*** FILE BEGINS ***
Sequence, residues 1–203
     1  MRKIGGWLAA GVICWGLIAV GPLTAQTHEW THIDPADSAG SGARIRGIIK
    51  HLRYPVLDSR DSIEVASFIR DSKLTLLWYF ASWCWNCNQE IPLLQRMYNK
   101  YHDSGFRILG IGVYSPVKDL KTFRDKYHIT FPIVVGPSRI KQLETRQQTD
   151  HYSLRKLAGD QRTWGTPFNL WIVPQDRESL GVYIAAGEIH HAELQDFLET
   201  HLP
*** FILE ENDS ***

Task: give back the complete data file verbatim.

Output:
Sequence, residues 1–203
     1  MRKIGGWLAA GVICWGLIAV GPLTAQTHEW THIDPADSAG SGARIRGIIK
    51  HLRYPVLDSR DSIEVASFIR DSKLTLLWYF ASWCWNCNQE IPLLQRMYNK
   101  YHDSGFRILG IGVYSPVKDL KTFRDKYHIT FPIVVGPSRI KQLETRQQTD
   151  HYSLRKLAGD QRTWGTPFNL WIVPQDRESL GVYIAAGEIH HAELQDFLET
   201  HLP